Creighton, Villanova to Battle for Big East Supremacy

NEW YORK – Creighton coach Greg McDermott may want to bottle whatever words of wisdom he had for his team after pacing the sideline through the first eight minutes of Friday’s Big East semifinal tilt against No. 11-ranked Providence.

The veteran coach watched as the Blue Jays had trouble rebounding the ball on both ends of the court. Numerous turnovers also stymied the Creighton on the offensive end.

Whatever words McDermott had for his team during the second media timeout allowed him to put together a Picasso-like coaching performance the rest of the way as his team put on a brilliant display over the next 32 minutes on the way to an 85-58 dismantling of the top seeded Friars at Madison Square Garden.

“We beat a really good team … and we did it our way,” McDermott said after watching his team’s impressive performance. “We did it with defense.”

It was the first time a top seed lost by more than three points in a Big East semifinal game since 2010 when Georgetown defeated Syracuse by seven points. The 27-point margin of victory matched the previous record set by Boston College in 2001 against Seton Hall. 

Villanova, the No. 2 seed, held off a stubborn and spirited Connecticut team in Friday’s other semifinal game and will play Creighton (22-10) for the tournament championship on Saturday evening at the world’s most famous arena. Villanova will enter the championship game with a 25-7 record on the season.

It will be Creighton’s fourth appearance in the title game in nine seasons and the Bluejays will be looking for its first Big East tournament championship under McDermott, who is now in his 12th season at the school.

“We haven’t been able to quite kick that door door,” the Creighton coach said, “ … hopefully (Saturday) will be the time to do that.”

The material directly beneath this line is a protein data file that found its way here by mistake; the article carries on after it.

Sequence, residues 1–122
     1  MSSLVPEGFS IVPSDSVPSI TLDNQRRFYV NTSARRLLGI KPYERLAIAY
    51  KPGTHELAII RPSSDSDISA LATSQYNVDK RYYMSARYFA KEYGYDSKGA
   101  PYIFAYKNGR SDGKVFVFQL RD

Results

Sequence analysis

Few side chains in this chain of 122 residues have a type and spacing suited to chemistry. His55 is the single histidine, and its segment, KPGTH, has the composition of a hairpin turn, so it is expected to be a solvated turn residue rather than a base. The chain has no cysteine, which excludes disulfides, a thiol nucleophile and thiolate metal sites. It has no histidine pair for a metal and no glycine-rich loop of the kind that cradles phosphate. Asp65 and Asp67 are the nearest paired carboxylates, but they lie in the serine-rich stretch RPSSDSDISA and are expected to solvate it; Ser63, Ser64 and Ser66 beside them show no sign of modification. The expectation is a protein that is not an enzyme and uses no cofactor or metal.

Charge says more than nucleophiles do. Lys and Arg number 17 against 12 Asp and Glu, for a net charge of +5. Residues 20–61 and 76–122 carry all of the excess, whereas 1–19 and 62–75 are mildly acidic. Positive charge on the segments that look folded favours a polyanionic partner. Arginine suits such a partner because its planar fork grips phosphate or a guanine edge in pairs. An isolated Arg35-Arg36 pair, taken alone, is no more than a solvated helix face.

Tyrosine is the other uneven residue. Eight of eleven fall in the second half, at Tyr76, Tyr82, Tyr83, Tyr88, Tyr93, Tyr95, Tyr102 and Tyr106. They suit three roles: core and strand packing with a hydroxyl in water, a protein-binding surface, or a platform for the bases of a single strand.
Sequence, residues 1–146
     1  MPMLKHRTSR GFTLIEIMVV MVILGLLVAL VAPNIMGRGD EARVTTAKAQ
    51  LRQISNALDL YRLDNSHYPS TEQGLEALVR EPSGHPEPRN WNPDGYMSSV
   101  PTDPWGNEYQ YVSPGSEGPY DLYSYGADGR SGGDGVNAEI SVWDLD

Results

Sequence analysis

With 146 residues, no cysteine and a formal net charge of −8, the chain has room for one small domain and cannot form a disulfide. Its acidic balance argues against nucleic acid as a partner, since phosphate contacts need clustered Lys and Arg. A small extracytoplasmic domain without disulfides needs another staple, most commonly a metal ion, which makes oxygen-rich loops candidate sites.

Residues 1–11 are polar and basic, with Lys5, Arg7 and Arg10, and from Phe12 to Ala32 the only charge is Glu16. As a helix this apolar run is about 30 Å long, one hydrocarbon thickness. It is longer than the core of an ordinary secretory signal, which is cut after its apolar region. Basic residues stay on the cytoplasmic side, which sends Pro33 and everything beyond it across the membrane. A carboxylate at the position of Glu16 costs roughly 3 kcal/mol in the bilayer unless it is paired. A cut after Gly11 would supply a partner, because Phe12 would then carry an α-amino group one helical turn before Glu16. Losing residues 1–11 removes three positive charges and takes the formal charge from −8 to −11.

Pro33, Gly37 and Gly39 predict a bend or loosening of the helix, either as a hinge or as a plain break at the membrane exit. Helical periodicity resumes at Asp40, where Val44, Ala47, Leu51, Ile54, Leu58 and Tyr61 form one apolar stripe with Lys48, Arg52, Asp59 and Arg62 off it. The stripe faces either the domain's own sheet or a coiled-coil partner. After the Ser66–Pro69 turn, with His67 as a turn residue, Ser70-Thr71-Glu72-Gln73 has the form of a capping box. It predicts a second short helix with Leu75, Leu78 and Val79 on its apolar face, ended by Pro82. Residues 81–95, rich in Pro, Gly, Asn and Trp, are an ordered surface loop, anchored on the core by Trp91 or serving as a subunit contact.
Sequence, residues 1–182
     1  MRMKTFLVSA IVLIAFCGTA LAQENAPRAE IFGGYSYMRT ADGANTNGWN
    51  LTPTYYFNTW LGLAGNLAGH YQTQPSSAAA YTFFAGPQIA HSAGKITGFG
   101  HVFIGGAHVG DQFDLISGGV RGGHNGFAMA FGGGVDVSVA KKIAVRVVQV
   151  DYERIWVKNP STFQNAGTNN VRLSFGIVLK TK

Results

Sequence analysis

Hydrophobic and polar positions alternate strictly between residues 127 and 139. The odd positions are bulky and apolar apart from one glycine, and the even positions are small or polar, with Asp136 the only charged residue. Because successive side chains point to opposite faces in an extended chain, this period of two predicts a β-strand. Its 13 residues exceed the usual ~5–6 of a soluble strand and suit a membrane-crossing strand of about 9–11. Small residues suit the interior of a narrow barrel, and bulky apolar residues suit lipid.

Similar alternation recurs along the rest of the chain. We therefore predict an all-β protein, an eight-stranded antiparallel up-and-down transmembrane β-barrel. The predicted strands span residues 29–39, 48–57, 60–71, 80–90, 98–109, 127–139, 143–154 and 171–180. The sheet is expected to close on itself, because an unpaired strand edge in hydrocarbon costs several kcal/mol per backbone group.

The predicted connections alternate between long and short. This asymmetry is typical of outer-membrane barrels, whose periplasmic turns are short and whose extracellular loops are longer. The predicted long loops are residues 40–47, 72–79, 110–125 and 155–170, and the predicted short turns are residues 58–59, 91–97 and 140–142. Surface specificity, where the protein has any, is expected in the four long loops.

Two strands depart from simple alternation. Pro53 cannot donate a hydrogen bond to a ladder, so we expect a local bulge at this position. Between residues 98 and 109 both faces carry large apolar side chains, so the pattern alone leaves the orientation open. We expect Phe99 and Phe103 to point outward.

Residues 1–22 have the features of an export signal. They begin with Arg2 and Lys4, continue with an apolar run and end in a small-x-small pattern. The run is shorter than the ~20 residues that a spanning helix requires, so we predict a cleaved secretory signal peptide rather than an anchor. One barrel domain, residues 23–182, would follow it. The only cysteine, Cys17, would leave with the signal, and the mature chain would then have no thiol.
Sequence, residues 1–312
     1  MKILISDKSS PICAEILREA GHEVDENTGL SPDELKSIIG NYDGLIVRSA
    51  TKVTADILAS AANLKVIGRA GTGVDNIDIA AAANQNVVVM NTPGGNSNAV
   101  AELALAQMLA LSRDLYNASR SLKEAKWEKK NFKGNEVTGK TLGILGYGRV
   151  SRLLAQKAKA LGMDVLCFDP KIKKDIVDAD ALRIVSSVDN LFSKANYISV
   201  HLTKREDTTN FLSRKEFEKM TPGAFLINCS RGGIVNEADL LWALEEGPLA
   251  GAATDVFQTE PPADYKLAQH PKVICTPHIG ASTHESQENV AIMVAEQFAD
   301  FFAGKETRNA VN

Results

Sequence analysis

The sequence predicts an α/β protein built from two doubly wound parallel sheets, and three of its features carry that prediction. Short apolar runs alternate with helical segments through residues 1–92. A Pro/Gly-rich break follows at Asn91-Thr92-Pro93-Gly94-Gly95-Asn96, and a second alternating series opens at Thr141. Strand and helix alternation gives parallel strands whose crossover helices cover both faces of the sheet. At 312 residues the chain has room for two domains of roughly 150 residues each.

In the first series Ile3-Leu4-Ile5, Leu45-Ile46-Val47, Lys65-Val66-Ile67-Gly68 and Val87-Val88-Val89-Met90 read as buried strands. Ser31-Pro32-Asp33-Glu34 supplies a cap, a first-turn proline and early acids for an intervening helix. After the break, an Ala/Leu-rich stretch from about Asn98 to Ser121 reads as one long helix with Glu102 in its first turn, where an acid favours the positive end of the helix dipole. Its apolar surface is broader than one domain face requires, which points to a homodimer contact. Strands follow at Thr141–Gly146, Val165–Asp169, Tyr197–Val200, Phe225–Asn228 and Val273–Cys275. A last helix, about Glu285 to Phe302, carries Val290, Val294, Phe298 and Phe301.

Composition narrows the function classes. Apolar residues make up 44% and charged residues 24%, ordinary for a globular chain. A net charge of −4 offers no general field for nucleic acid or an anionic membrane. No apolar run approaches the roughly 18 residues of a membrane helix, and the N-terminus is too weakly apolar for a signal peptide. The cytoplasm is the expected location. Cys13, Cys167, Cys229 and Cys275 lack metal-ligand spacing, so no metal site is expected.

Providence took advantage of three Creighton turnovers and corralled several offensive rebounds in the first few moments of the game.

The second media timeout allowed McDermott to settle his team and implore the Bluejays to return to the basics of the game.

It worked to near flawless perfection.

The two teams went punch for punch in the early going. 

There were seven lead changes in the game before Alex O’Connell put Creighton in front 15-13 with 11:34 remaining in the first half. It would be a lead the Bluejays would not relinquish, and only added to, the rest of the way.

Freshman Arthur Kaluma later scored eight straight points and the Bluejays added a 7-0 spurt a short time later as Creighton increased its lead to 37-25 with 2:13 to go before intermission.

Kaluma was one of three Bluejays to reach double figures in scoring before halftime. The six-foot, seven-inch freshman tallied 15 points in the half while O’Connell and Ryan Kalkbrenner chipped in with 11 and 10 points, respectively, to help set the tone for an even more impressive second half for the Bluejays as the dismantling continued.

Providence, which trailed 42-27 at the intermission, struggled to begin the second half. The Friars were whistled for shot-clock violations on each of their first two possessions out of the break which only added to Creighton’s momentum.

Creighton’s Trey Alexander connected on a pair of jumpers to start 10-0 scoring spurt and capped by a back-to-back baskets from Kalbrenner and Kaluma causing Providence to spend its final two timeouts in a span of 45 seconds in an effort to squash the Creighton momentum after the Bluejays had fashioned a 52-27 advantage.

It was not until 13:46 remained in the game that Providence would cut into the Creighton advantage on the scoreboard. 

Two free throws from Brycen Goodine ended the scoring drought and made it 60-31 at the time and ended a 31-2 run by the Bluejays that went all the way back to the 1:42 mark of the first half when O’Connell connected on a 3-pointer that gave Creighton a 40-27 lead at the time.